In the 90s, acute power generation capacity shortfall, low electricity tariffs making the sector dependent on government funding for investments needs, and heavy government involvement in all aspects of energy sector operations were obstacles towards a cost-competitive and viable energy sector. Heavy dependence on hydropower generation made the power sector vulnerable to droughts, creating recurrent load shedding, and forced the country to rely on expensive rental generation that affected the financial sustainability of the sector. The limited coverage and capacity of the transmission and distribution grid affected the quality of service provision, led to unnecessarily high electricity losses, and prevented the country from extending electricity service. In 1996, generation stood at 776 Mega-Watt (MW) while electricity access reached only about 8% of the population.
Realizing huge investment needs in the sector and inability to meet all the financing needs through public sector funding, the World Bank supported the Government of Kenya to pioneer the use of commercial financing to meet its energy infrastructure needs, which is today referred to as Maximize Finance For Development (MFD).
The approach supported major reforms to strengthen sector policies, laws, regulation and institutions to create enabling conditions for private sector investment, particularly in power generation. This was implemented through Bank financing for technical assistance for the sector restructuring and reform agenda, investment projects in renewable energy, transmission and distribution, and electricity access. Guarantee instruments from the International Development Association (IDA), the concessionary arm of the World Bank Group, promoted private sector participation in the generation sector. These were further complemented by risk mitigation instruments from the Multilateral Investment Guarantee Agency (part of the World Bank Group) and equity and debt support from International Finance Corporation (private sector arm of the World Bank Group). Continuous sector dialogue, supported by IDA and by World Bank-managed trust funds, contributed to building capacity and improving the operational efficiency of key parastatals, implementing regulatory reforms and building sector consensus on key areas, such as electricity access.
Reforms supported by the MFD approach:
- The first phase of reforms separated policy and regulatory functions from commercial activities, unbundled generation from transmission and distribution activities, created the sector regulator, introduced cost-reflective tariffs, and attracted private capital through the liberalization of generation activities.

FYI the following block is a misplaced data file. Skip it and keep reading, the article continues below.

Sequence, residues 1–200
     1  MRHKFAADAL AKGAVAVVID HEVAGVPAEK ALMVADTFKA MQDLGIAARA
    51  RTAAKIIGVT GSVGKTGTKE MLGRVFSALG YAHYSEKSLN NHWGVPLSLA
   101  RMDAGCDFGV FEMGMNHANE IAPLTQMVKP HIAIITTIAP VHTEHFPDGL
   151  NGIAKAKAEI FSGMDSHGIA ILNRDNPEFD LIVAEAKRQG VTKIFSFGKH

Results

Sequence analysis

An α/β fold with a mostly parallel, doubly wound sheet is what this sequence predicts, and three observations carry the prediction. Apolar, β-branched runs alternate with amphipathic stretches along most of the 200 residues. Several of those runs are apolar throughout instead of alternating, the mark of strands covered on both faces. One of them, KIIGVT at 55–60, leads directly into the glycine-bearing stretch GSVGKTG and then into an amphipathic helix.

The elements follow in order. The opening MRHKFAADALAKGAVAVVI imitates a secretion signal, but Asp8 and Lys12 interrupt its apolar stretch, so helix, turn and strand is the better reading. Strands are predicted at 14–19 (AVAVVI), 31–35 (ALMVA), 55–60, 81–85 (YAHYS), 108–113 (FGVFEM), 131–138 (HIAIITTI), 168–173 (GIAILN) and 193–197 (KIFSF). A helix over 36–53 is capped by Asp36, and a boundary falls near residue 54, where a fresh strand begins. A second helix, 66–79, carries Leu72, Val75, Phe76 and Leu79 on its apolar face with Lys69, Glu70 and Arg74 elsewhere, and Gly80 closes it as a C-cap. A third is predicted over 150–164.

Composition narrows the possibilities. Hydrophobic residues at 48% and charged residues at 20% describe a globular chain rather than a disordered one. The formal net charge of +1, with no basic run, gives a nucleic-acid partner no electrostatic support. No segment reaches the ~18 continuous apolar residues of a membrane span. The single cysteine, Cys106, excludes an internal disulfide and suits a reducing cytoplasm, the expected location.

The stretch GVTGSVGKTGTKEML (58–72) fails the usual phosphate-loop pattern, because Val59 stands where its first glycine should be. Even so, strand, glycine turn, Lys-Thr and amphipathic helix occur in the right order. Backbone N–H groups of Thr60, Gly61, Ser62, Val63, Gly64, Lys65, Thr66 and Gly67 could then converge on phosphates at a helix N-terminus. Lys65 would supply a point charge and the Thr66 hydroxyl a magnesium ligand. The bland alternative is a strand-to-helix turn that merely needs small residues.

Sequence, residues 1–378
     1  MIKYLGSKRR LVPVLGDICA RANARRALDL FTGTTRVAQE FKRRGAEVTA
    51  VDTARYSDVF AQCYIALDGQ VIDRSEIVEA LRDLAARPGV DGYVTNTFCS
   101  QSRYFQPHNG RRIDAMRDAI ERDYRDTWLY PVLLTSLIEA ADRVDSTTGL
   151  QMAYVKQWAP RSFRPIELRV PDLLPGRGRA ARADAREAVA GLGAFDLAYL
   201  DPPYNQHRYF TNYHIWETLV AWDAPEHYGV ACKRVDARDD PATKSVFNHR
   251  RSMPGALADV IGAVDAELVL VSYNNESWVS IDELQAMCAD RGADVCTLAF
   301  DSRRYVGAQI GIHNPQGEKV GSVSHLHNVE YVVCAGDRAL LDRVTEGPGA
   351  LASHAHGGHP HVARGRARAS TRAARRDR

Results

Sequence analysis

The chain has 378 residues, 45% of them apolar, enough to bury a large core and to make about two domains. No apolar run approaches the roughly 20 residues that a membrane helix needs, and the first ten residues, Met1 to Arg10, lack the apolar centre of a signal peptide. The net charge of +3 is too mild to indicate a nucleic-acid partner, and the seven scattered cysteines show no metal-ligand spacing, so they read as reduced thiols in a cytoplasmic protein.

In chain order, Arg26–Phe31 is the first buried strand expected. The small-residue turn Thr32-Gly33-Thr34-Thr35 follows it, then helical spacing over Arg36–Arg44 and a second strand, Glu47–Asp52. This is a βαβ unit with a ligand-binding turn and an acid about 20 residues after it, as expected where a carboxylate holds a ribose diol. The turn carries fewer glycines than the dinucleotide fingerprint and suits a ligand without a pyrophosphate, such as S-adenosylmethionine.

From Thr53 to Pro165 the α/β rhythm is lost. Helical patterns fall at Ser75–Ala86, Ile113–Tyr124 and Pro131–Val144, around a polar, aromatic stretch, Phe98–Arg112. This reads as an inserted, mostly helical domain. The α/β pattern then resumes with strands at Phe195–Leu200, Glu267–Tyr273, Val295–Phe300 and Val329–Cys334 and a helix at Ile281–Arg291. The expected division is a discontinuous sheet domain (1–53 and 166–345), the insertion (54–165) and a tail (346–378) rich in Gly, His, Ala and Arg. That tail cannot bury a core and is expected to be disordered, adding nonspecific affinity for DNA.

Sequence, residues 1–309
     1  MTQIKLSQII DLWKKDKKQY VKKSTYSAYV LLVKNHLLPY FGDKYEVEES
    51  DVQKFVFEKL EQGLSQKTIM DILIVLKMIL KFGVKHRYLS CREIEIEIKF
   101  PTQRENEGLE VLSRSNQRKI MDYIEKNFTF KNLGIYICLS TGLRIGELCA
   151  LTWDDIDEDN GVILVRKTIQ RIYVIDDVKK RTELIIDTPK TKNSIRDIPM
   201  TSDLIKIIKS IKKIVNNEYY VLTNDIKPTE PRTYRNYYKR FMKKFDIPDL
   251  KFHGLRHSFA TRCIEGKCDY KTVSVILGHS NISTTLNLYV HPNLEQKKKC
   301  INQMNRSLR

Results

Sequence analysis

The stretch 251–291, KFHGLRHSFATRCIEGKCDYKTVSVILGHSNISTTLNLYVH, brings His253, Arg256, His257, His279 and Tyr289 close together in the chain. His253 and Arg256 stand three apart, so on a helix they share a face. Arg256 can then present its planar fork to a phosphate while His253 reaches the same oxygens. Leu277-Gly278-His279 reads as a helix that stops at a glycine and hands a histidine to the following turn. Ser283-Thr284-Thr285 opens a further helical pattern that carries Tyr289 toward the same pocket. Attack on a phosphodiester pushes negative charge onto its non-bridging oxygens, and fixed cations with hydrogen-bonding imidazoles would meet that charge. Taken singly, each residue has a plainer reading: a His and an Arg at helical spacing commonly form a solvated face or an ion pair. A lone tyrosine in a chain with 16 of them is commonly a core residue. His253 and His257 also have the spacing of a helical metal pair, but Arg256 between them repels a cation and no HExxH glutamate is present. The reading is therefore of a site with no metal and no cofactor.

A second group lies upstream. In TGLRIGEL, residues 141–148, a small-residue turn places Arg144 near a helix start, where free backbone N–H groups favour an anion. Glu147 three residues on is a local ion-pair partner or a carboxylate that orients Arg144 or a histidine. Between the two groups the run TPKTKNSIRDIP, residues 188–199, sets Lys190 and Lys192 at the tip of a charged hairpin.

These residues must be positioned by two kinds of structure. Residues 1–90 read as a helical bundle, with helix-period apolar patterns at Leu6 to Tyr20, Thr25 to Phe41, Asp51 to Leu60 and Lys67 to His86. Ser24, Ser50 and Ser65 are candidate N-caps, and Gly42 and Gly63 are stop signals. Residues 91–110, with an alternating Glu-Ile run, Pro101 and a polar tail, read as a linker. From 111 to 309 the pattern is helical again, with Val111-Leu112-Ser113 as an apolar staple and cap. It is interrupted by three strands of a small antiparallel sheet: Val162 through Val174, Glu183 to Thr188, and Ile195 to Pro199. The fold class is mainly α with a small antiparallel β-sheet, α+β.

- The second phase of reforms involved improving the operational and financial performance of the sector utilities, establishing arms’ length relationship between generation and distribution utilities through market-oriented power purchase agreements, and establishing new entities with specific mandates for developing transmission, geothermal resources, and rural electrification.
Key results of the World Bank support for MFD approach in Kenya include:
- WBG support (through either IDA lending and guarantees and IFC investment) contributed to development of 558 MW geothermal capacity between 2003 and 2015, and 324 MW of thermal capacity between 2001 and 2016.
- As of June 2018, generation capacity stands at 2,670 megawatts (MW), with peak demand of 1,841 MW, up from a capacity of 776MW and a peak demand of 648 MW in the year 1996.
- Kenya has achieved remarkable success in expanding generation capacity of a well-diversified mix with close to 85 per cent of energy being generated from clean sources (mainly geothermal, hydro and wind). Today, geothermal capacity contributes to almost half of energy generated, thus ensuring security of energy supply even in periods of drought. Hydropower constitutes about a third of energy generated today. In 1996, hydropower constituted almost two-third of energy generated, which exposed the country to severe load shedding during drought years.
- 37% of the installed generation capacity (~1,009MW) today has been developed through Independent Power Producers (IPPs) representing 53% of the incremental generation capacity since 1990.
- At least US$3 billion in private capital mobilized in the power sector between 1997 and 2018.
- Two major utilities (Kenya Power and Lighting Company - KPLC and Kenya Electricity Generating Company - KenGen) are publicly listed companies, operating on commercial principles and are able to tap into capital markets for financing needs.